December 16, 1971: Bangladesh Comes Into Being

Bangladesh Observer, December 18, 1971

Bangladesh Observer, December 18, 1971

Bangladesh Observer, December 18, 1971

Bangladesh Observer, December 18, 1971

[Click any of the images above for a PDF of the complete 4 page issue of The Observer (Bangladesh Observer) from December 18, 1971]

The erstwhile Pakistan Observer newspaper, renamed The Observer, published its first issue in independent Bangladesh on December 18, 1971, two days after the Pakistan army surrendered to the joint forces of the Indian army and the Mukti Bahini. The banner headline read "Bangladesh comes into being".

The hurriedly published front page report read:

The sovereign state of Bangladesh, the dream of 75 million of people has come into being. The barbarous Pakistan Army which had let loose a reign of terror in the fertile soil of Bangladesh for the last nine months unconditionally surrendered to the allied forces of India and Mukti Bahini in Dacca on Thursday thus bringing to an end of a chapter of this deltaic region by West Pakistan cliques.

The flag of Bangladesh was hoisted on housetops and business concerns soon after the news of surrender of the Pakistan Army was spread.

The new state which has already received recognition from its great neighbour and friendly state of India and the mountain kingdom of Bhutan is expected to get similar recognition from other countries who believe in the right of humanity and the oppressed people.

The full cost of the war in lives lost and destroyed was not apparent on the first day of publication. Over the next months, as news began to come in from all corners of Bangladesh – of mass graves, of rapes, of razed villages, of slaughterhouses – did the full magnitude of the genocide become apparent. Even the murders of the Bengali intellectuals just two days before liberation was not yet known. However, a small item on the last page of the newspaper raised a question whose answer we now unfortunately know. The item asked "Where are they?":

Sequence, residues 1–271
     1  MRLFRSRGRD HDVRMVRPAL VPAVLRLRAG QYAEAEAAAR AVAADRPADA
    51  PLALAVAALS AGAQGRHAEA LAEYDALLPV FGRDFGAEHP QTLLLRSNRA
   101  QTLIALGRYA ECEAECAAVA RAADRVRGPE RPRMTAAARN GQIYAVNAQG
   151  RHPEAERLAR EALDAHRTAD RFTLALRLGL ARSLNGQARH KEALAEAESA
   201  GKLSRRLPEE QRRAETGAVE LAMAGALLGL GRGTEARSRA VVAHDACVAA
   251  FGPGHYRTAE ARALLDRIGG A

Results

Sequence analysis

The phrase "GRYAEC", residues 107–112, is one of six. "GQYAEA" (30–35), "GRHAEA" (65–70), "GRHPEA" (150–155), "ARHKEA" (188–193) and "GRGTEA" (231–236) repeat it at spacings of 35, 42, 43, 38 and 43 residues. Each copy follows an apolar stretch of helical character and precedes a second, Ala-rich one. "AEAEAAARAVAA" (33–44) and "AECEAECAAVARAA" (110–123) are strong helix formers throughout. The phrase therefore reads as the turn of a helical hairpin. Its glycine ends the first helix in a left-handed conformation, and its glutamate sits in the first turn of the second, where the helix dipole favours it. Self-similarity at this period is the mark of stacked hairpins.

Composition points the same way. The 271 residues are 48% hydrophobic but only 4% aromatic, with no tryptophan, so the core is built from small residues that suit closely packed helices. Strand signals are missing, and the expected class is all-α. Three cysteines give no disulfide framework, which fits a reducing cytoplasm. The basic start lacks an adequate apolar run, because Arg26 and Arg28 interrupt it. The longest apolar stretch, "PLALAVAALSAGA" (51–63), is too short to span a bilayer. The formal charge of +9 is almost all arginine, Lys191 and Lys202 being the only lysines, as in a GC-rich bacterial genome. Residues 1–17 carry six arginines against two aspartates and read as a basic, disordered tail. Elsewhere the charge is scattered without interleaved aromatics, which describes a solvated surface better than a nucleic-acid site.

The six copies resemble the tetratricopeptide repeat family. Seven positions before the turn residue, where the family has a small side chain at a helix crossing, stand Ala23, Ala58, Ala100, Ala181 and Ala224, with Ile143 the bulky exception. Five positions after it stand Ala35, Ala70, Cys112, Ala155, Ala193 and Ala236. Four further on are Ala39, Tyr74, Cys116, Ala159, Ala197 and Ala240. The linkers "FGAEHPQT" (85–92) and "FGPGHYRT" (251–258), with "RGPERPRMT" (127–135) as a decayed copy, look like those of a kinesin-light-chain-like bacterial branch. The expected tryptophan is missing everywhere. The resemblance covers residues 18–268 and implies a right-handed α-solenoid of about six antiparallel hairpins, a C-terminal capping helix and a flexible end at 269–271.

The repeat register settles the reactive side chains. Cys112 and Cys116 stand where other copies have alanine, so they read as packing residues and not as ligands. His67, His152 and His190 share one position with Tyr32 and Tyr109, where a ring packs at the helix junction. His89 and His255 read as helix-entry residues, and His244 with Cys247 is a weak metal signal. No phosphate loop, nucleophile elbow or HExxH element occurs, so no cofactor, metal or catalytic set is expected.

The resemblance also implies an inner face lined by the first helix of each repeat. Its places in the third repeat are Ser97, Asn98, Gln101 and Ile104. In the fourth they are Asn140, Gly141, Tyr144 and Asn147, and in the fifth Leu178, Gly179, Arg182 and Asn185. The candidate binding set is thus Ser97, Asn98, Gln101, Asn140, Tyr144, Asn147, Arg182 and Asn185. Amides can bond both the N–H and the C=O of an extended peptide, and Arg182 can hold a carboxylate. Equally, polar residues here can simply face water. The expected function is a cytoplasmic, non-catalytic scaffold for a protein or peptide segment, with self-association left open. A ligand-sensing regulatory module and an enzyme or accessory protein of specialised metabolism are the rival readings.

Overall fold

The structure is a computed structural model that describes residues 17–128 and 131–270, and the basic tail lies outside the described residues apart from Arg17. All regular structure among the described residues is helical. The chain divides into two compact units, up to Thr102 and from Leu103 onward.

The Al-Badar, the collaborating student political wing of the occupation forces in Bangladesh took into their custody a number of persons mostly journalist and university lecturers last week by raiding their houses. The Al-Badar students, mostly affiliated with the extreme rightist political party Jamat-e-Islam, a boot-licking political force of the occupation army.

The arrested persons are Mr. Shahidullah Kaiser, Joint Editor of the Daily Sangbad, Mr. Nizamuddin Ahmed, former Bureau Chief of PPI and a Correspondent of BBC, Mr. Syeed Abdul Mannan, a Senior Sub-editor of the former Pakistan Observer, Mr. Serajuddin Hossain, News Editor of the Ittefaq, Mr. Gholam Mustofa, a Senior Sub editor of Purbodesh, Prof. Munier Chowdhury, Head of the Dept. of Bengali, Dacca University and Prof. Santosh Banerjee of the Dept. of History, Dacca University, Dr. Rabbi, a Professor of the Dacca Medical College.


Thirty six years ago Bangladesh emerged after a bloody confrontation with the Pakistan army and its Islamist allies. At the cost of three million lives Bangladesh earned its birth as a secular democracy. The Pakistan army is long gone, but the Islamists remain. They have festered in the Bangladeshi body politic like an untended wound. Today with the collapse of democracy in Bangladesh, the Islamists once again are ascendant.

Last year, on the 35th anniversary of Bangladesh’s liberation, I had written that the future of secular Bangladesh hung in the balance. After the military takeover of Bangladesh last January, it appears the scales have tipped in favor of the Islamists. Sadly, more than three decades after independence Bangladesh is still fighting for its secular dream against ever increasing odds.

The dream of Shonar Bangla remains illusive and under threat.

This entry was posted in Bangladesh, Bangladesh Liberation War. Bookmark the permalink.

13 Responses to December 16, 1971: Bangladesh Comes Into Being

  1. MMR Jalal says:

    wonderful job.
    many many thanks.

  2. pakistani says: